Keeping the law in music

By Howard Campbell
Observer senior writer

Wednesday, August 23, 2017

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WHILE a student at Kingston College in the early 1970s, Lloyd Stanbury recalls watching Augustus Pablo, Harold Butler, and Tyrone Downie jamming on the organ in the school's chapel. They went on to successful careers as musicians, he became an entertainment industry lawyer.

Stanbury was the go-to lawyer for many dancehall/reggae figures in the 1990s, most notably producers Steely and Clevie. Two weeks ago, the government announced that he will receive the Order of Distinction (Officer rank) for his service to the music industry.

“A National Award from the Government of Jamaica signifies recognition of one's contribution as a citizen, and that therefore means something to each recipient. The work I have done was not done with the objective of receiving accolades, but I do give thanks and am appreciative of the gesture,” Stanbury told the Jamaica Observer.

The dreadlocked Stanbury lives in South Florida, and recently represented acts like Chronixx and Protoje. He believes Jamaican artistes are more educated about the music industry, but notes that “we still have a very long way to go in order to be more competitive globally.”

His 2015 book, REGGAE ROADBLOCKS, A Music Business Development Perspective, is an educational guide of the industry's ins and outs. With the spotty history regarding copyright and publishing in Jamaica, Stanbury is glad to see the establishment of appropriate agencies.

“Locally, we have seen the emergence of national music rights societies such as the Jamaica Association of Composers Authors and Publishers (JACAP), and the Jamaica Music Society (JAMMS), and both have been doing good work. The Jamaica Reggae Industry Association (JaRIA) should also be commended for its efforts in sustaining Reggae Month despite its membership and funding support challenges,” he stated. “At the international level, Jamaicans have fallen further behind their non-Jamaican reggae business practitioners. I think that currently Jamaican reggae artistes do not hold the same level of prestige and admiration in the international community as Bob Marley, Peter Tosh, Jimmy Cliff, Third World, Black Uhuru and Burning Spear.”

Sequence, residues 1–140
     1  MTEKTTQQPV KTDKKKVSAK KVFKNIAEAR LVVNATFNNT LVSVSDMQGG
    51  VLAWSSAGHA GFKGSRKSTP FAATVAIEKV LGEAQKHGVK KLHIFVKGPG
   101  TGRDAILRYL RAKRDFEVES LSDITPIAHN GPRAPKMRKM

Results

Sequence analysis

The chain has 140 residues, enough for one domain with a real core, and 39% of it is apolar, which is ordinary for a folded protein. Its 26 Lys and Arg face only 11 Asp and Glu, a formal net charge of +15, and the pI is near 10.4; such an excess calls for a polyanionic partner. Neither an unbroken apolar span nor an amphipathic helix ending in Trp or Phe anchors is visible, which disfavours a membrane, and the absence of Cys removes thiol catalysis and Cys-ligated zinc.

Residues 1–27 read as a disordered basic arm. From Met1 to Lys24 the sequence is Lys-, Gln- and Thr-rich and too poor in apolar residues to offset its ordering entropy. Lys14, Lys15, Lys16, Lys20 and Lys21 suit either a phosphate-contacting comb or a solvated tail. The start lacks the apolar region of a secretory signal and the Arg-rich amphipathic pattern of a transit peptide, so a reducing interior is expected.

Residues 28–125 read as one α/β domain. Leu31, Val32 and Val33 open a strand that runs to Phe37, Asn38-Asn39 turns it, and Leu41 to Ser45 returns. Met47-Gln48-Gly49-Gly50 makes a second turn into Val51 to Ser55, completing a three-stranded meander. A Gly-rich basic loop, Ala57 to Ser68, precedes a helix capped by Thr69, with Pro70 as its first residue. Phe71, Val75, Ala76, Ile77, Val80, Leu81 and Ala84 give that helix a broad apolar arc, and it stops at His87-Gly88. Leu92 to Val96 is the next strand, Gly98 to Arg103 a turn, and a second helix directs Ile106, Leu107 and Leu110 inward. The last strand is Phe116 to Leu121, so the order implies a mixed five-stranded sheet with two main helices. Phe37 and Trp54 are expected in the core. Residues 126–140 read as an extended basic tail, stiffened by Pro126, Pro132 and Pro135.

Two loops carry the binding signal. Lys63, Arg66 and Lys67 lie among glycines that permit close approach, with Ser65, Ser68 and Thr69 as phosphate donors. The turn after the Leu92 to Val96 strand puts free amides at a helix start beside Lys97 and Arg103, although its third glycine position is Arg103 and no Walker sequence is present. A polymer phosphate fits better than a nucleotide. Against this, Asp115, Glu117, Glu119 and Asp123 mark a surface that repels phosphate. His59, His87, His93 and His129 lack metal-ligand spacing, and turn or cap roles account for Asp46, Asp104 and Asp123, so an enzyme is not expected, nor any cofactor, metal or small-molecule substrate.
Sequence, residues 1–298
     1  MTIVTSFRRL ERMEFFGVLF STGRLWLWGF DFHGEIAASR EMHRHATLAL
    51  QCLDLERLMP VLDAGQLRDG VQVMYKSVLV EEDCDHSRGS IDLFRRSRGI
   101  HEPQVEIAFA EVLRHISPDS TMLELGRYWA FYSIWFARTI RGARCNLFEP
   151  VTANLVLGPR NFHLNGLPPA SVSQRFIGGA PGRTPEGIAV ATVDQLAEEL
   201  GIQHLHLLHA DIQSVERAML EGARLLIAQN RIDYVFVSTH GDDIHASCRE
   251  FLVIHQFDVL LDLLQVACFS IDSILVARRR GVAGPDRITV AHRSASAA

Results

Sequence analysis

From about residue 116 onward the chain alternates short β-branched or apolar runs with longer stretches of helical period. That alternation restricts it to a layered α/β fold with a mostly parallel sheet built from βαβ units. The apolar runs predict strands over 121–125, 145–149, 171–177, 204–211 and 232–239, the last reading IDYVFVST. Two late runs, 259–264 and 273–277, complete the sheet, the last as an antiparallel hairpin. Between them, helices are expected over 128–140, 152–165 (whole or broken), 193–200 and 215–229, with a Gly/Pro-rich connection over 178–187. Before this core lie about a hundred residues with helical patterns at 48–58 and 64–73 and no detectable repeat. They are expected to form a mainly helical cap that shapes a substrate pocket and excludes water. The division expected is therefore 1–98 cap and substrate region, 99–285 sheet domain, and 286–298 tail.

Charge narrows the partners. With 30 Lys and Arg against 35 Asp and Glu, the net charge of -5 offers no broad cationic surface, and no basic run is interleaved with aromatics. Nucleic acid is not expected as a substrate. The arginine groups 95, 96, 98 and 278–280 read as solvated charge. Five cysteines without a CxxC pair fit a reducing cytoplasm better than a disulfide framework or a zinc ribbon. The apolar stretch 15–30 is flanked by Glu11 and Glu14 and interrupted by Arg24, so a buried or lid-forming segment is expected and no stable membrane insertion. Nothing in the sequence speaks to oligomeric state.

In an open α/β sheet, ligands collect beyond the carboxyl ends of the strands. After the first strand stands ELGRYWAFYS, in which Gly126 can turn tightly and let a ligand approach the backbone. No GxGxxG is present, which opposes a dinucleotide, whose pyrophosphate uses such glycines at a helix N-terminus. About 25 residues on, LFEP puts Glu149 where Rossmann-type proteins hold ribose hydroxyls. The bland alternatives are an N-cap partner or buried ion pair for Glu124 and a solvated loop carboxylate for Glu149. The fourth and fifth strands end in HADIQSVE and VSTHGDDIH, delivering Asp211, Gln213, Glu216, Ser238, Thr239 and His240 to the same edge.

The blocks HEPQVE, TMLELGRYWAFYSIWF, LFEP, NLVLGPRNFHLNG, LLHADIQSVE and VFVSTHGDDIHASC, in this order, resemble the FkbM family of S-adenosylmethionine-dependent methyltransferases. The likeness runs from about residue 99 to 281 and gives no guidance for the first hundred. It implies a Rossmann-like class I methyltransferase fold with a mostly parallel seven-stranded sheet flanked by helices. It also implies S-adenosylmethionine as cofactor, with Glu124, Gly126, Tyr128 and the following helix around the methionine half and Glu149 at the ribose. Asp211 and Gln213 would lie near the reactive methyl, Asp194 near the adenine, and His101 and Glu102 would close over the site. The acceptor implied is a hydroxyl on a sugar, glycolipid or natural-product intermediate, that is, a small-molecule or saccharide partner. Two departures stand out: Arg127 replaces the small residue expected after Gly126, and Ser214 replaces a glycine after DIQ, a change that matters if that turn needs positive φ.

Raised in the Waltham Gardens community of Kingston, Stanbury graduated from Norman Manley Law School in 1979. He started as a civil and corporate lawyer, then got involved in music four years later by helping Sly and Robbie stage their 10th anniversary show.

Stanbury has lived in South Florida for almost 20 years, participating in numerous workshops and seminars on how to improve the reggae brand.

“I am more focused now on education and training in the business aspects of the music industry. In this regard I am trying to promote my book REGGAE ROADBLOCKS, A Music Business Development Perspective so that a larger group of persons can have access to the information in it,” he said.

Other arts and entertainment figures who will be recognised at the October 16 National Honours and Awards ceremony at King's House are: Bunny Wailer (Order of Merit); Robert Russell (Order of Distinction — Commander Class); Professor Keith Morrison (Order of Distinction — Commander Class); Copeland Forbes (Order of Distinction — Officer rank); Rosina Moder (Order of Distinction — Officer rank); Carlos Malcolm (Order of Distinction — Officer rank); Ferdinand “Bobby Little Bra” Gaynair (Order of Distinction — Officer rank); and Carl Bradshaw (Order of Distinction — Officer rank).

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